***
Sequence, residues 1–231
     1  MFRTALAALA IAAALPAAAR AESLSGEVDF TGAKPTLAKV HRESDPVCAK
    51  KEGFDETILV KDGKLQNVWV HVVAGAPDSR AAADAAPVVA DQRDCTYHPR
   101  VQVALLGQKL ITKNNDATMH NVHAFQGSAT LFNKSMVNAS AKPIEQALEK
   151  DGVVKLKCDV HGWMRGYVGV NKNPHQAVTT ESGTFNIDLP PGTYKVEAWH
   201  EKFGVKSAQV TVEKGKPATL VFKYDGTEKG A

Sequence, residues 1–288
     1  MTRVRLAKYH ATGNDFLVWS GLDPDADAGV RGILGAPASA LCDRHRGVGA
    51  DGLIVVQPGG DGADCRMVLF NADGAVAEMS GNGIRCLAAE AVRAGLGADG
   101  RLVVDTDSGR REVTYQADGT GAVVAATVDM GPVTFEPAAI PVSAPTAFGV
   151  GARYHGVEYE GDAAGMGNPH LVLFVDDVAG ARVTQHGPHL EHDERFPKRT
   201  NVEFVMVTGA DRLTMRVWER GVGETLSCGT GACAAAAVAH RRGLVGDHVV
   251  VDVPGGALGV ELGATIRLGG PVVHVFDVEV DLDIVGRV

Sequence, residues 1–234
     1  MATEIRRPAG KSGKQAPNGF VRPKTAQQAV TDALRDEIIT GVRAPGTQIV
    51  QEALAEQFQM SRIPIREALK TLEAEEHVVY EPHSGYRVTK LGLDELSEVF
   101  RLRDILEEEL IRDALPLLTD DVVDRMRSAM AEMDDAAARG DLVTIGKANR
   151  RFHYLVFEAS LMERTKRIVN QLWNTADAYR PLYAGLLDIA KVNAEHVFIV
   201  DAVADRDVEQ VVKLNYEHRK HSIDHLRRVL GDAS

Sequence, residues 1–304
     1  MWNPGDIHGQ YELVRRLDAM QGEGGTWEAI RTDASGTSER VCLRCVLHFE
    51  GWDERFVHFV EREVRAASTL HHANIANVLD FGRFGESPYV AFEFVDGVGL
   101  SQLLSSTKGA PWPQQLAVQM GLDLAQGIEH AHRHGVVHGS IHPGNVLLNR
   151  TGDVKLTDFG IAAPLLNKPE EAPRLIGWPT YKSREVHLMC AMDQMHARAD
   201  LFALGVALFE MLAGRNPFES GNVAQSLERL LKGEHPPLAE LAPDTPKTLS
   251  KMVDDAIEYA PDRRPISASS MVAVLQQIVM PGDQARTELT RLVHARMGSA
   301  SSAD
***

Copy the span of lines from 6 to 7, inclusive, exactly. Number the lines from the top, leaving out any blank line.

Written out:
   201  EKFGVKSAQV TVEKGKPATL VFKYDGTEKG A

Sequence, residues 1–288